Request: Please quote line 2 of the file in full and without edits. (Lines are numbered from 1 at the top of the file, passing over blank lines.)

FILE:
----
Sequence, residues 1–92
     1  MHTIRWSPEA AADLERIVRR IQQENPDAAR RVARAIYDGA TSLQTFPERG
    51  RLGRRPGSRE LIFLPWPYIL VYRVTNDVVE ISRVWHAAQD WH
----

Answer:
     1  MHTIRWSPEA AADLERIVRR IQQENPDAAR RVARAIYDGA TSLQTFPERG